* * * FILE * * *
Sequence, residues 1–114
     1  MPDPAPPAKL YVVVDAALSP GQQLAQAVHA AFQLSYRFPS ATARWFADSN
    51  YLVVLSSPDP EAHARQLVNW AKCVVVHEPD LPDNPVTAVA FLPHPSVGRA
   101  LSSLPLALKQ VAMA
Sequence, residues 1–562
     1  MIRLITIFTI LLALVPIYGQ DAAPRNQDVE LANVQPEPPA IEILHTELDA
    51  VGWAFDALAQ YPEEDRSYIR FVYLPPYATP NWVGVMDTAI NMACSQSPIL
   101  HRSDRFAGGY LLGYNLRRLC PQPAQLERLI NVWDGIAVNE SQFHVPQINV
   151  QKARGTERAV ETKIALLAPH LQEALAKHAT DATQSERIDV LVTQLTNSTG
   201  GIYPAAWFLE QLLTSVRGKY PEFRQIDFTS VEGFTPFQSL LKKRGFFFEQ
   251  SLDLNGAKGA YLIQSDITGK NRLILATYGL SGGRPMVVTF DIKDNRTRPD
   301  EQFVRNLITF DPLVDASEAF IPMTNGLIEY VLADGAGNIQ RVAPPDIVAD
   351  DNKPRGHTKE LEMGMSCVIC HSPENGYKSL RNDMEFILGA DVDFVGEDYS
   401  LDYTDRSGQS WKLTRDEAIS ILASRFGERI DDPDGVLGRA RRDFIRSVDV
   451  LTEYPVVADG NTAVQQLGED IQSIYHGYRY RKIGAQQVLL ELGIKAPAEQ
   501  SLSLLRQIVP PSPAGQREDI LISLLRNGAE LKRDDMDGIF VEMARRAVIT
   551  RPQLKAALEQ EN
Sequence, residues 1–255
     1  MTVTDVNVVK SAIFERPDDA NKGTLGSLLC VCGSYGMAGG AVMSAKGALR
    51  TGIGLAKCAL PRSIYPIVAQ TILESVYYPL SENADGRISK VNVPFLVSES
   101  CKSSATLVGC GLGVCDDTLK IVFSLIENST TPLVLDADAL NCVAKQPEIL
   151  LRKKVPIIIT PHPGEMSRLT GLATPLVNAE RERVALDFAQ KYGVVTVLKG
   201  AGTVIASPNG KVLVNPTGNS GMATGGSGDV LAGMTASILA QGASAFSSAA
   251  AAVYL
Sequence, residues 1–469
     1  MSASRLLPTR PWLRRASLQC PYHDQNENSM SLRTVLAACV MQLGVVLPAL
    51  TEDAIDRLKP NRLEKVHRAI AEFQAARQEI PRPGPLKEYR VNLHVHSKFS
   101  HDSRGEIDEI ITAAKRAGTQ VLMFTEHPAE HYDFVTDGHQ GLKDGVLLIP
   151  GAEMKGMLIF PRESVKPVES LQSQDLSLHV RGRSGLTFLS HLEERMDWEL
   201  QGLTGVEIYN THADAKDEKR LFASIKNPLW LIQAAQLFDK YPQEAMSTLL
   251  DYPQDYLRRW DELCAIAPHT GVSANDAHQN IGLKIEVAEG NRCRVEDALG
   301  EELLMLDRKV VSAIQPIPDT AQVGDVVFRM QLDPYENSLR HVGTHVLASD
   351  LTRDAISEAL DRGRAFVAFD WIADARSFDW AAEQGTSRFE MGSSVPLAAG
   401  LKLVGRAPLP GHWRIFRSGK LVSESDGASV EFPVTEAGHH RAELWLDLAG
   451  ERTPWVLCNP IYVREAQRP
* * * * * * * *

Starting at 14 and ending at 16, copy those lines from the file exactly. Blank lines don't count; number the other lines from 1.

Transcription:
   401  LDYTDRSGQS WKLTRDEAIS ILASRFGERI DDPDGVLGRA RRDFIRSVDV
   451  LTEYPVVADG NTAVQQLGED IQSIYHGYRY RKIGAQQVLL ELGIKAPAEQ
   501  SLSLLRQIVP PSPAGQREDI LISLLRNGAE LKRDDMDGIF VEMARRAVIT